Key words : Orthognathic surgery, complications, risks, review of.
Received for publication : July 1995
Aust Orthod J 1996; 14(3):158-161
The purpose of this investigation was to examine lower arch alignment in the long term following treatment by second molar extraction. Thirty subjects, treated by extraction of four second permanent molars at an average of 13.9 years, were examined five and ten years after extractions. None had any mechanical treatment in the lower arch. Twenty had some simple upper arch treatment, including, in five cases, extraction of first premolars. The changes in lower arch alignment were measured on study models. There was a small average decrease in lower arch crowding in the first five years following extraction, and little or no change in alignment in the next five years.
Key words: Second molar extraction, crowding, stability
Received for publication : February 1996
Aust Orthod J 1996; 14(3):163-167
This pilot study investigated the aetiology of various dental anomalies. Twin-pair correlations were obtained for the total number of missing, ectopic, malformed and rotated permanent teeth which were scored from panoramic radiographs of 59 monozygotic (identical) and 42 dizygotic (non-identical) twin-pairs. All monozygotic (MZ) twin correlations were greater than the dizygotic (DZ) twin correlations, suggesting a significant hereditary aetiology. A familial history of such common dental anomalies could become a valuable asset in treatment planning.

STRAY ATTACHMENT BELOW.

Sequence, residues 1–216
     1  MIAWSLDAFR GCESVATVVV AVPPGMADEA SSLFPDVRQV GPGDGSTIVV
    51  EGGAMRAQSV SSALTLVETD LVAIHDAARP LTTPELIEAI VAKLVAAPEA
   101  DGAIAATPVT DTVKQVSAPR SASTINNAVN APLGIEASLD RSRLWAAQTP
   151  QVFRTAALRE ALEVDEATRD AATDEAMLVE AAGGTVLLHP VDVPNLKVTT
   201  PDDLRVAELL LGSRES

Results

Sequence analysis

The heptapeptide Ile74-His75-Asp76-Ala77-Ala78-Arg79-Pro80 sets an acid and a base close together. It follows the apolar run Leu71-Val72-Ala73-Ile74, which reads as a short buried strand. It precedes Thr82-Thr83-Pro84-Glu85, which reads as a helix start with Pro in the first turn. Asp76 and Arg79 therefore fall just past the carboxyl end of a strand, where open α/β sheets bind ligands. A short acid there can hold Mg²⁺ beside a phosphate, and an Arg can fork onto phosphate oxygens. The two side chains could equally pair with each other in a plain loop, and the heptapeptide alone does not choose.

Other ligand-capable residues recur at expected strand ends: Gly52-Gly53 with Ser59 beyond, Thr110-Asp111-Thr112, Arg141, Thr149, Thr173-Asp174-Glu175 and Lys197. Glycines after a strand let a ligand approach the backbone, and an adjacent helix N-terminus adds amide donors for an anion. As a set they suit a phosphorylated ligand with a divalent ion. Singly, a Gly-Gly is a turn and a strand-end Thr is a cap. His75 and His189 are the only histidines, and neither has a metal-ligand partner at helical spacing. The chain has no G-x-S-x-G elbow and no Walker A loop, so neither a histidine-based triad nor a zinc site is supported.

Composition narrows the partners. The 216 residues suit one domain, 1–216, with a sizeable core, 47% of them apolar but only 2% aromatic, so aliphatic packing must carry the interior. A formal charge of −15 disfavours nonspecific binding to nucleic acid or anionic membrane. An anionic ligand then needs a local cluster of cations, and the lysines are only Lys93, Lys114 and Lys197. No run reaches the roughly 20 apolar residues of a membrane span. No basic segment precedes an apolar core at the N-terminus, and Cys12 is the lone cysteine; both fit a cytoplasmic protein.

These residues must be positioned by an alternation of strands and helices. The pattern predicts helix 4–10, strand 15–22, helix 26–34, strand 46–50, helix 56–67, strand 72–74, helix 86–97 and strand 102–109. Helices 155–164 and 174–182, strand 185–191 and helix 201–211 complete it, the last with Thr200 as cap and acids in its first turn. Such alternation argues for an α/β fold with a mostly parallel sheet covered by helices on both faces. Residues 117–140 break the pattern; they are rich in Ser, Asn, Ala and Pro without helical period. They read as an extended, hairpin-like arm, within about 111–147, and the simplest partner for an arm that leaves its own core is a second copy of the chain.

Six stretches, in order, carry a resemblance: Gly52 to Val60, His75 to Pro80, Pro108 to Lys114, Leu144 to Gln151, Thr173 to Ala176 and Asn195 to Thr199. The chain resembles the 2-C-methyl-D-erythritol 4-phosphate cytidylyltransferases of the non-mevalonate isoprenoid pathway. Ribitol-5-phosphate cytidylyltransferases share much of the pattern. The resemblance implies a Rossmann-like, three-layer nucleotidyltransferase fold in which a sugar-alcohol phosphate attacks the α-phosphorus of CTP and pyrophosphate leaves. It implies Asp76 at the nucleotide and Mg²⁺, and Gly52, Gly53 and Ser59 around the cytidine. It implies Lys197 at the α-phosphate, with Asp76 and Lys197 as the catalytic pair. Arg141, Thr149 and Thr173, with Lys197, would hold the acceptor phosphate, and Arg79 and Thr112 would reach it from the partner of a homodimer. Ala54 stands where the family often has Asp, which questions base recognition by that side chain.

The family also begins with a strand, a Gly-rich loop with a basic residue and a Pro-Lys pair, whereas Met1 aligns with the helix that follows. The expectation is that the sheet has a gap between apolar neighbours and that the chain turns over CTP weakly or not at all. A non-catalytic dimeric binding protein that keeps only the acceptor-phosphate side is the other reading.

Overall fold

Key words : Twins, genetic factors, dental anomalies
Received for publication : October 1995
Aust Orthod J 1996 14(3):172-178
In this study, ten patients who were treated with spring-loaded posterior bite blocks (SLPBB), were evaluated over a period of two years in order to test the effects of the appliance and the incidence of relapse. Successful treatment wit SLPBB was achieved in skeletal and dental open bite cases. However, the use of acrylic bite blocks for retention during the post-treatment growth period, did not prevent relapse.